Companies looking to train new producers should look for programs that not only teach new producers the technical insurance information needed to succeed, but programs that also focus on sales coaching and soft skills. Programs with mentoring to help new hires chart their career and learn their organization’s specific culture add a personal touch and embed accountability checkpoints.

One such program that hits on all of these elements is The Institutes’ Producer Accelerator, featuring Polestar, which coaches new producers via one-on-one guidance sessions and provides onboarding over a 25-week period. In successfully onboarding new producers and validating them more quickly than industry averages, we’ve gleaned a number of best practices to help companies put their new producer hires on the road to success.

Agency culture and priorities come first

Before a new producer unpacks his or her coffee mug on the first day, companies should already have a formal and individualized plan to best get the new hire up to speed.

For example, discuss specifics on who the new hire is and his or her background, and review what responsibilities the mentor and agency have in helping the new producer succeed.

See also: Why You Need Happy Producers (Part 2)  

That mentor-producer relationship is crucial to a successful program. In our Producer Accelerator program, this manifests in the new producer working closely with his or her mentor and eventually presenting an at-a-glance business plan that identifies production, retention, efficiency and profit goals, as well as specific, behavior-based, high-payoff activities to achieve them.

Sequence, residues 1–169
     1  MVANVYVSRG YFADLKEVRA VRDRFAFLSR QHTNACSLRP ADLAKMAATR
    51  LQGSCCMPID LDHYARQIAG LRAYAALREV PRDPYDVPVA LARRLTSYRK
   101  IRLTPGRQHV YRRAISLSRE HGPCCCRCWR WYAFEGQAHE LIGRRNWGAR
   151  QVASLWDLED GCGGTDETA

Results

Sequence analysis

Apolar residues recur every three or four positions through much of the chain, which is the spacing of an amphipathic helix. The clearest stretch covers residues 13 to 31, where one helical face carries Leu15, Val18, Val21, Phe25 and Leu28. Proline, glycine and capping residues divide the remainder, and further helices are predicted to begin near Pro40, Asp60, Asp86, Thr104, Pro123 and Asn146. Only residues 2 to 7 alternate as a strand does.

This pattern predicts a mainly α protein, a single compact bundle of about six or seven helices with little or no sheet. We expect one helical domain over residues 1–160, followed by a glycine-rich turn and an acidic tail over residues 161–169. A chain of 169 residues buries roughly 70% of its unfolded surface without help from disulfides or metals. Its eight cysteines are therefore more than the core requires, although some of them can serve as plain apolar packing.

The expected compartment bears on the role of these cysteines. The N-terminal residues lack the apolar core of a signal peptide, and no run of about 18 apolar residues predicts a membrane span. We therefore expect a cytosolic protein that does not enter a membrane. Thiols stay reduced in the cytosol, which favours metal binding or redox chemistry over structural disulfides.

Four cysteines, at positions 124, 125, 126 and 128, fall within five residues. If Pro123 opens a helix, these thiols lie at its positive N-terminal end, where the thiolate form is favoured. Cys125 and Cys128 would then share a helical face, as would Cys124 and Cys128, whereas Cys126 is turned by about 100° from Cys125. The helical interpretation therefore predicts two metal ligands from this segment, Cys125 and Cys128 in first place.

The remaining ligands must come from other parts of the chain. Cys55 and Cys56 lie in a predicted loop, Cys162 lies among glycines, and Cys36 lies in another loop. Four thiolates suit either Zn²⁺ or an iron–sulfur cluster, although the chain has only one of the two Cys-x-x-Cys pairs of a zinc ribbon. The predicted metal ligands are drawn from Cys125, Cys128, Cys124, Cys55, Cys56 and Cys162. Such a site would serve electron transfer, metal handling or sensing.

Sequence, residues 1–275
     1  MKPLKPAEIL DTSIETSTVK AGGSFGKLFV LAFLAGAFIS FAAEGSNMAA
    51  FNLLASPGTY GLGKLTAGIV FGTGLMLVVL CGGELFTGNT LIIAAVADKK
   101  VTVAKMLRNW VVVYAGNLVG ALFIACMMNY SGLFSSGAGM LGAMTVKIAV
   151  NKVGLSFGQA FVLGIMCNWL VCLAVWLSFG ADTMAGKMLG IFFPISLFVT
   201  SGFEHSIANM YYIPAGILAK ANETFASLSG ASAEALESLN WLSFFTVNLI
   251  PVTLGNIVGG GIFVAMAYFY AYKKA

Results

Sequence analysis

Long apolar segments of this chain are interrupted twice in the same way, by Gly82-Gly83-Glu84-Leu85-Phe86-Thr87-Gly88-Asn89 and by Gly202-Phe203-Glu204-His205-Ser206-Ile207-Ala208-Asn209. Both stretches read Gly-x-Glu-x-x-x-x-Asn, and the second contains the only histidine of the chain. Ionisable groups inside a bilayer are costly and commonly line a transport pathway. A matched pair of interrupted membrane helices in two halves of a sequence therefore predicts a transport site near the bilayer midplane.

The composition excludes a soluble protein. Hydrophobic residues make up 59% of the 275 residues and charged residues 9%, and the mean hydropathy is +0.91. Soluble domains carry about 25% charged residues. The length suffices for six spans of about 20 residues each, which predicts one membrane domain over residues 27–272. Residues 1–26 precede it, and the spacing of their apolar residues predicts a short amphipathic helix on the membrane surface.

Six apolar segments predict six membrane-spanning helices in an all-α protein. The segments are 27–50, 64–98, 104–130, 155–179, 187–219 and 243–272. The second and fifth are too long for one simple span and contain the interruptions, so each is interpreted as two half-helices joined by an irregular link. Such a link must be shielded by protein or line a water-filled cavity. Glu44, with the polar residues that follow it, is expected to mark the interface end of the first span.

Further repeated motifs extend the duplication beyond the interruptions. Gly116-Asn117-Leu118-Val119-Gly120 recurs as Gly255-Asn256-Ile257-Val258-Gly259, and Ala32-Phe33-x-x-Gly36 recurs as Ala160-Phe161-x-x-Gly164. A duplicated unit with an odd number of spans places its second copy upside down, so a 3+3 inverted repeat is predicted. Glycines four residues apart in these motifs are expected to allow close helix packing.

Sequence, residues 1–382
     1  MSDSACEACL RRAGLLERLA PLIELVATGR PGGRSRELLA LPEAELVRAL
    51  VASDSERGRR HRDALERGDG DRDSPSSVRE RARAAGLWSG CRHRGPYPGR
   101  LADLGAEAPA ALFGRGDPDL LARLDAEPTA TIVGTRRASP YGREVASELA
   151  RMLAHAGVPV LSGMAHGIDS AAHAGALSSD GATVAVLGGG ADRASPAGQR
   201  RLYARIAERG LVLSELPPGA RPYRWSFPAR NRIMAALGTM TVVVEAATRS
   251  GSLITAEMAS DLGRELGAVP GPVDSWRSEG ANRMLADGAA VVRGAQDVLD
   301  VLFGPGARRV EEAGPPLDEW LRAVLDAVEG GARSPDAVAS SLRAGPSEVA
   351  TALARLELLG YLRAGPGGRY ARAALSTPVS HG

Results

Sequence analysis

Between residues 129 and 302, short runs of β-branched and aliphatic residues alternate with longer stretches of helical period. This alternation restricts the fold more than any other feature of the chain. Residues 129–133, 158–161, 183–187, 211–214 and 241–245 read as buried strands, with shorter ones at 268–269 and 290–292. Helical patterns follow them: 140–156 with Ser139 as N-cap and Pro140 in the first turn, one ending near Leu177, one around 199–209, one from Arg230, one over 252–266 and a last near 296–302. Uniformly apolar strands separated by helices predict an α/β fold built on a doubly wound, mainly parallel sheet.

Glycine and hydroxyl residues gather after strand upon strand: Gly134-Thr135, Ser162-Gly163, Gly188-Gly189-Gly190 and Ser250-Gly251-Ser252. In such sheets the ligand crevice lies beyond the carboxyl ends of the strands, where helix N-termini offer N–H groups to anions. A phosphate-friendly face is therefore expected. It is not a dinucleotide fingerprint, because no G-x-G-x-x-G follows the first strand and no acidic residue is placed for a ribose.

As new hires progress, they move from frequent one-on-one sessions with coaches to group webinars where they interact with four or five other new producers from around the country. This gives up-and-coming producers a chance to compare notes and share what’s worked (and what hasn’t) with peers in a noncompetitive setting. As producers gain experience and share best practices, they develop sales and technical skills.

The key is to provide a program where new producers do more than just sit at their desks reading for their first six months on the job. While on-the-job learning may seem risky, when new producers are paired with a mentor and coach, they have the support system needed to make sure they do the right things in the right way – what we call getting to the high-payoff activities.

The benefits to employers — and producers

When formal onboarding programs with interactive, mentor-based training are used, employers and new producers share the benefits of validating producers more quickly. In fact, they benefit agencies in three specific ways: